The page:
California Genealogy and History Archives
|Lewis William Ridenhour
Thirteen years have passed since the death of this well-known pioneer, who for over forty-four years had been a continuous resident of the ranch near Hilton which is now the property of his widow. A native of Missouri, Mr. Ridenhour was born in St. Louis county, in 1829, which at that time was sparsely populated by the white man, in fact his parents were credited with being the first white settler in St. Louis county.
Lewis W. Ridenhour was a young man of twenty-one years when, in 1850, he set out for the gold-fields of California, full of hope and confidence that a quick fortune awaited him. The records do not state that he was more successful than the average miner, taking the losses with the gains, and it is safe to presume that his success was not all that he might have expected, for after working in the mines in Placer county above Marysville for three years he gave up the life and settled down permanently to agriculture. It was then, in 1853, that he made the first purchase of land in Sonoma county, this being included in the ranch now occupied by his widow near Hilton. The original purchase, taken up under the homestead act, consisted of one hundred and sixty acres, and to this has since been added adjoining property from time to time, until the ranch now comprises nine hundred and forty acres. The residence which adorns the ranch is one of the most substantial in this part of the country and is in as good condition today as when it was constructed fifty-three years ago. The lumber used in its construction he brought down on a raft from Green Valley creek, and the shingles, which he himself rived by hand, are still apparently none the worse for the exposure to the sun and weather of fifty years. Much of the land Mr. Ridenhour set out to hops, fruits and general garden produce. All of these various industries have since his death been maintained by his widow, under whose management they have prospered from year to year. Six and a-half acres are in orchard, thirty-four acres are in hops (which during the year 1909 netted an income of $962), seventy acres are in general farm produce, while the remainder of the land is in pasture and timber. The brickyard is leased for $1,000 a year. Of late, since 1905, the ranch has been carried on by James W. Covey, a son-in-law of Mrs. Ridenhour. As one of the earliest settlers in this part of Sonoma county Mr. Ridenhour could relate many thrilling stories of pioneer conditions, when bears and deers were so plentiful that he shot them to help clear the country of them, and panthers, smelling the blood of their slain forest companions, would come by stealth and run away with their carcasses. At one time Mr. Ridenhour was attacked by a brown bear and badly wounded, but he succeeded in getting out of bruin’s grasp after a hard fight and made his escape. Mr. Ridenhour lived to see all this unbroken wilderness give place to cultivated ranches, the homes of a contented, prosperous people. He passed away on the old home ranch April 6, 1897, mourned as one of the true-hearted and dependable citizens of the community in which he had lived for so many years.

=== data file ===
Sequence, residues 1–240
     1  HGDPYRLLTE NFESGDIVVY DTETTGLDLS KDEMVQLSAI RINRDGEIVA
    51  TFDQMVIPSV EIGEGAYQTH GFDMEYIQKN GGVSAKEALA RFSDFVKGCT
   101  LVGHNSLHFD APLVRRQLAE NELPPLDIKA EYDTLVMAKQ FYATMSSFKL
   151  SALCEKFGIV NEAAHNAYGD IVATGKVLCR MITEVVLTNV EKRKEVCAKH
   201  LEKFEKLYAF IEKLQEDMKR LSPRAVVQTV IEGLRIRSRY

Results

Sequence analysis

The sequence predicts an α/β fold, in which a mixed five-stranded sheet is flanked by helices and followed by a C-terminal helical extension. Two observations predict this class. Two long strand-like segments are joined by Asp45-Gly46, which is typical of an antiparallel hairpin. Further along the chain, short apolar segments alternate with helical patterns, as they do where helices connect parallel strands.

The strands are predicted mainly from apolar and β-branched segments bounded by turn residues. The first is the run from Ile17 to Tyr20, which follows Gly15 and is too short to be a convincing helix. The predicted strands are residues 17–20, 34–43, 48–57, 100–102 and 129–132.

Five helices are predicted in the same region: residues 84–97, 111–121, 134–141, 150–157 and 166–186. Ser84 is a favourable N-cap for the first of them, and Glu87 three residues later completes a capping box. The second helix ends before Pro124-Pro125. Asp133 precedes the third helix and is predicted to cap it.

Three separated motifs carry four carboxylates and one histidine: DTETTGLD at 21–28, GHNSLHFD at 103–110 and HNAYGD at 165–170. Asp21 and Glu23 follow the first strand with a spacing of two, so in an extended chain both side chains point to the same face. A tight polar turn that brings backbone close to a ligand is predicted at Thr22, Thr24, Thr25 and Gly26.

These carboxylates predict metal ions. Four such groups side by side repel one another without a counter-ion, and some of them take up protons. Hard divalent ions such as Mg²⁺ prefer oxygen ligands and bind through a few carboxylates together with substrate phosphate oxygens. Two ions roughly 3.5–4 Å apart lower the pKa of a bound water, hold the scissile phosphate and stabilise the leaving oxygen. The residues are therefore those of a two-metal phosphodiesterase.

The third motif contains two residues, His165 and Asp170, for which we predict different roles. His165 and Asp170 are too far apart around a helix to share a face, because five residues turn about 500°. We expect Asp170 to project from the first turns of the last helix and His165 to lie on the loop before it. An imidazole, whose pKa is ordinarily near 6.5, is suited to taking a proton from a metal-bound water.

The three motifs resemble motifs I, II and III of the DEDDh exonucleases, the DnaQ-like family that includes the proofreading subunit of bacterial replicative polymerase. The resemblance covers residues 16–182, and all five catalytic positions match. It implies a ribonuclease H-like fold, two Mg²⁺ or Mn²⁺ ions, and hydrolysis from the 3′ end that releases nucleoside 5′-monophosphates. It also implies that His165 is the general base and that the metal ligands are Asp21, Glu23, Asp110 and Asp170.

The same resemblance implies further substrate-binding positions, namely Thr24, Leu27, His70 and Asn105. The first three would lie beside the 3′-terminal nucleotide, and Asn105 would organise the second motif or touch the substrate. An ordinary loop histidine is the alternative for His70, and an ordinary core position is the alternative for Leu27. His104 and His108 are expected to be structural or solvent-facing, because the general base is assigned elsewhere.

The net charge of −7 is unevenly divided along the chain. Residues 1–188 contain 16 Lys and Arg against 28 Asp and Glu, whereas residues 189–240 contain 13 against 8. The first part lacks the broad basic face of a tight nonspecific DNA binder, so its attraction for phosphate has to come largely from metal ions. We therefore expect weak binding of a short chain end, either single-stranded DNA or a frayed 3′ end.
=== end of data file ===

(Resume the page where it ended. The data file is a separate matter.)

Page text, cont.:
Mr. Ridenhour’s marriage, in June, 1856, united him with Miss Mary E. Heald, a native of Ohio, and the daughter of one of the pioneer settlers in California. When she was a child of three years her parents removed to Missouri, and from there seven years later, in 1851, they came to California and settled in Sonoma county. Harmon Heald, the father and founder of the city of Healdsburg, was a brother of Mrs. Ridenhour’s father. He also came across the plains in the year 1851, and on the site of the city which now bears his name he opened a hotel and also ran a saw and grist mill.
Ten children were born to Mr. and Mrs. Ridenhour, but of the number only six are now living. William R., born in 1857, was married to Miss Elfa Catin, their union being blessed with two children, Pearl and Maud. Emily became the wife of T. P. Brown, of Santa Rosa, and five children, two sons and three daughters, were born to them, Thomas, Ralph, Georgie, Lilian and Lottie. Lewis E., born in 1861, and now residing in Hilton, by his marriage with Ida Dryden has seven children, three sons and four daughters, Guy, Robert, Philip, Virginia, Mildred, Clarine and Elenor. Ellen became the wife of W. W. German, and the mother of five children, four sons and one daughter, B. Louis, Roy, Alvin, Elbert, and Alma, the family making their home in Ukiah, Mendocino county. Hilton B. chose as his wife Phoebe Tracy, and they have a son and daughter, Charles and Aline, the family residing in Suisun City, Solano county. Annie M. became the wife of James W. Covey, and they, with their only child, Anita Elizabeth, live on the old home place near Hilton, Mr. Covey being superintendent and manager of the property.
Transcribed by Peggy Hooper 2011